Schools lag in physical activity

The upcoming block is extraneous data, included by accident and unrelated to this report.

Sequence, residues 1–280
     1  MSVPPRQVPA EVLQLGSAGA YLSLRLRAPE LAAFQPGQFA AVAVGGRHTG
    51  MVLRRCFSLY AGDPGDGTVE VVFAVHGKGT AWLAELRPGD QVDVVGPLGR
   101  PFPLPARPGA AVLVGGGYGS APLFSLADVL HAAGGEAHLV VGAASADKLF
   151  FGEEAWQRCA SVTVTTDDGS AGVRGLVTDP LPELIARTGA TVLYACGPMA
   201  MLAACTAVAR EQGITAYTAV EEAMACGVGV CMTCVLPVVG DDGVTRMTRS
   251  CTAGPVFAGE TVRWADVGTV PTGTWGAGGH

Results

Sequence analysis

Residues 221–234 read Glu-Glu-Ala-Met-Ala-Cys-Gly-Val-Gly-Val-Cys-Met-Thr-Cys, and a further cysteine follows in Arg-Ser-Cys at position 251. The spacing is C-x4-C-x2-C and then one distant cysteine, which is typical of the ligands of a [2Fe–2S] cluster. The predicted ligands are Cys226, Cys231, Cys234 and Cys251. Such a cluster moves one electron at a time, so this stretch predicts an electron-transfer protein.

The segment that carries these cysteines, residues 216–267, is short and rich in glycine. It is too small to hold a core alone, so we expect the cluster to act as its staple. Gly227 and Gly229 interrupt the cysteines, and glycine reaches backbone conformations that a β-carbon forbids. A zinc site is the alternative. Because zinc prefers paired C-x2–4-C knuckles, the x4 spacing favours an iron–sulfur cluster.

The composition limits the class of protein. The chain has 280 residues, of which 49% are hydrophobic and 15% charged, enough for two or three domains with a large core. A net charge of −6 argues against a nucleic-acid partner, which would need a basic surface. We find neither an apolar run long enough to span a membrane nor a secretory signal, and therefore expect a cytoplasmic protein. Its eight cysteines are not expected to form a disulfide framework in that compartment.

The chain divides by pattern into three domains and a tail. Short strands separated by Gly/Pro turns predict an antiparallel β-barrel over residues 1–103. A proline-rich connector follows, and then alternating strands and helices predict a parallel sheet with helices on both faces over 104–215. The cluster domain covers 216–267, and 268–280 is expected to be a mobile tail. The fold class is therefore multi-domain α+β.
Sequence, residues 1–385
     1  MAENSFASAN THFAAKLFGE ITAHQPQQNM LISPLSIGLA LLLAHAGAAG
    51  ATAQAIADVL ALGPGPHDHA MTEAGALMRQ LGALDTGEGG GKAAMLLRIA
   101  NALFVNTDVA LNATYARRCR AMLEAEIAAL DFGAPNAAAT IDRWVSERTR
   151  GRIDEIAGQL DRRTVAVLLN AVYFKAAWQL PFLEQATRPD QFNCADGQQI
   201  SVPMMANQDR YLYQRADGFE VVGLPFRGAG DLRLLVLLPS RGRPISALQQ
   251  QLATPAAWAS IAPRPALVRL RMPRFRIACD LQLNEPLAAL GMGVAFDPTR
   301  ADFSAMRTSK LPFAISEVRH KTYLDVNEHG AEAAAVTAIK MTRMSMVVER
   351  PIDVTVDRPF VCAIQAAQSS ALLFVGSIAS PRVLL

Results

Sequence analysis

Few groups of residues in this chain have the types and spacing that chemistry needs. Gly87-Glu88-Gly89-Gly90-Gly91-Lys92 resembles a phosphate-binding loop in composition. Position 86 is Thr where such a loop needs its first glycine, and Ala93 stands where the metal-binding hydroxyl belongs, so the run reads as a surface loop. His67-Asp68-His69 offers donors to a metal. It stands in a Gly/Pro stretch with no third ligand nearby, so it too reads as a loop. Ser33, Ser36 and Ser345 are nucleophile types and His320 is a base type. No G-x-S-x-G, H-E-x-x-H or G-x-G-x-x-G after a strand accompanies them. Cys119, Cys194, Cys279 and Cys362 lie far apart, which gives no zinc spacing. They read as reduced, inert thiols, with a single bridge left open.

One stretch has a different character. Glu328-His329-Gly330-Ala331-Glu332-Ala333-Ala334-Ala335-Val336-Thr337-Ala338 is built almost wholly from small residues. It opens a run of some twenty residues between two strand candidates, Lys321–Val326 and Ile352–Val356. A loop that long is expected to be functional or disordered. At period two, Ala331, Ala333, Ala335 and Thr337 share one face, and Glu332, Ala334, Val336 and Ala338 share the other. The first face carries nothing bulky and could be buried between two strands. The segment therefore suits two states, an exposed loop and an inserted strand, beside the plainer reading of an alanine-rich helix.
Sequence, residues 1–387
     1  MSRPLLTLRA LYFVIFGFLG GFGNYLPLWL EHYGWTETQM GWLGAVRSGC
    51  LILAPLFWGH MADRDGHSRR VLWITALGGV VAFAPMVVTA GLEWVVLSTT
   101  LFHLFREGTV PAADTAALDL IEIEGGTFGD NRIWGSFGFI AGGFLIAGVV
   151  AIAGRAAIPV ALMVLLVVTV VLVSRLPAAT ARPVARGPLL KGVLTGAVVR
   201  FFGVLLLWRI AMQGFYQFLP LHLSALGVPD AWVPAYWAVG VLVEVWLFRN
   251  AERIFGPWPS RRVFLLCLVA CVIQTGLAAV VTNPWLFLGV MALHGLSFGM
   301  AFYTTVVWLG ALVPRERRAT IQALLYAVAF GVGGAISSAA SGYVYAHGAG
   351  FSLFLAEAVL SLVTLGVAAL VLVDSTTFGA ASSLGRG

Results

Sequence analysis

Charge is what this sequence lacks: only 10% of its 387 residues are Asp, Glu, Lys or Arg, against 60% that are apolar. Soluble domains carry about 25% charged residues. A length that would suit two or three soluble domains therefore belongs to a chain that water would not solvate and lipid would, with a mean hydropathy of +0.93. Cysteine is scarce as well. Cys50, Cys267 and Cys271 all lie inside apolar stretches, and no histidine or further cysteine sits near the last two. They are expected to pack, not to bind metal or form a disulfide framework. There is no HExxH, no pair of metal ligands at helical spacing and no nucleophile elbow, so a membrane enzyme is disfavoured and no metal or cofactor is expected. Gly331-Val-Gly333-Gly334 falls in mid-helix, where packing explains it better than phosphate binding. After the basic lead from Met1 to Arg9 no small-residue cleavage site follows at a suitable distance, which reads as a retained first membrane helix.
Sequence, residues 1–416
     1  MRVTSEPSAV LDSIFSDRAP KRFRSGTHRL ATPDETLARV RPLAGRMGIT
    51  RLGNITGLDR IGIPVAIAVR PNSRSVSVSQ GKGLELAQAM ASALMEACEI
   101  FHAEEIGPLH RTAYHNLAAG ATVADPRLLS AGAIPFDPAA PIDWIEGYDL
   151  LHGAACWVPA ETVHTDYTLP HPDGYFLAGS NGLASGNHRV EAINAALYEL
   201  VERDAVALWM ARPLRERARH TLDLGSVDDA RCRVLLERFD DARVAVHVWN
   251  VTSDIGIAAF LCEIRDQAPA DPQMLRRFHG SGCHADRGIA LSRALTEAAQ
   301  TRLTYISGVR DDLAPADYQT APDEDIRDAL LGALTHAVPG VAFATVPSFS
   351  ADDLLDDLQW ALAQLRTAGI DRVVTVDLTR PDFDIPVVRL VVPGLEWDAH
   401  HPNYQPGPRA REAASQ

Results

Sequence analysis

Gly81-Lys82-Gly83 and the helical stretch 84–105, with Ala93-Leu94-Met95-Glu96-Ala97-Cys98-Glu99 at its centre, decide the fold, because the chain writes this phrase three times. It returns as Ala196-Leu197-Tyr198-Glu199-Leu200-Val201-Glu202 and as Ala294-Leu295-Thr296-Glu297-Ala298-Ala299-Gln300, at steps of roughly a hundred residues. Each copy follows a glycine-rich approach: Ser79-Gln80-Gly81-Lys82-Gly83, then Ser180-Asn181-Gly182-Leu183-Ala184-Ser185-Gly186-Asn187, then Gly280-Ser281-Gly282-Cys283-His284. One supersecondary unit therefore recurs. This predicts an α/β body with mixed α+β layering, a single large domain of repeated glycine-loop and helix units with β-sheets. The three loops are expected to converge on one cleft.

first_img AD Quality Auto 360p 720p 1080p Top articles1/5READ MORE11 theater productions to see in Southern California this week, Dec. 27-Jan. 210 days, according to the report. Also in compliance were San Gabriel Unified, South Whittier Elementary, Temple City Unified and Whittier City Elementary school districts. Pasadena Unified School District failed to meet the time requirements. Ironically, L.A. Unified was among the first to ban soda and junk food on its campuses to curb childhood obesity. But administrators say they’ve had to sacrifice physical education while beefing up efforts to improve academic achievement. “When teachers are looking at the pressures of the day and everything on their plates to teach, I don’t think they consciously leave physical education out. It just sometimes gets pushed off the plate,” said Ronni Ephraim, LAUSD’s chief instructional officer for elementary programs. The district has launched a training program to help elementary school teachers incorporate physical education into a school day already crowded with required academic subjects, she said. LOS ANGELES – Despite its campaign against childhood obesity, the Los Angeles Unified School District failed to provide its elementary students with the minimum amount of physical education mandated by the state, a study released today says. The report, “Dropping the Ball,” found that 51 percent of 73 California school districts with elementary students failed to provide youngsters with 200 minutes of physical education every 10 days – or an average of 20 minutes a day. “Our priorities are tragically skewed,” said Harold Goldstein, executive director of the California Center for Public Health Advocacy, which examined data provided by the state Department of Education. “We’re in the midst of a severe and growing childhood obesity epidemic, and yet most of our children are missing out on even the most basic school physical-activity opportunities.” The two East San Gabriel Valley districts studied, Garvey and El Monte City school districts, fulfilled the required 200 minutes of P.E. every For example, a teacher could have students go out for a run and then calculate their heart rate as part of a science lesson. Elementary school teachers are required to devote 2 hours a day to language-arts instruction and an hour to math, in addition to science, social studies, health education and other subjects, Ephraim said. And more than half of the district’s elementary school students are English-language learners who require additional instruction. “To close the achievement gap,” Ephraim said, “we have to give kids more time.” The additional teacher training will help, but it might take the district a couple years to come fully into compliance, she said. Because the state Department of Education has been monitoring compliance for only two years, it is concentrating its efforts on bringing districts into compliance rather than issuing penalties, said Rosie Thomas, compliance oversight manager for the department. The problem is compounded by the fact that few elementary teachers have adequate training to teach physical education. Even so, schools need to make it more of a priority, Goldstein said. “Physical education is the ugly stepchild in California public schools,” he said. “There are children who need additional assistance – in learning language, for example – but that doesn’t mean the time should be taken away from physical education. … If physical education became a higher priority, students in LAUSD would do better academically. It’s not either-or. It’s both.” Gov. Arnold Schwarzenegger has proposed spending $85 million to improve physical education in kindergarten through eighth grade, but the state Legislature wants to allocate that money as block grants schools could use as they please, Goldstein said. “The governor has thrown a touchdown pass,” he said, “and the Legislature is about to drop the ball.” (818) 713-3663160Want local news?Sign up for the Localist and stay informed Something went wrong. Please try again.subscribeCongratulations! You’re all set!last_img read more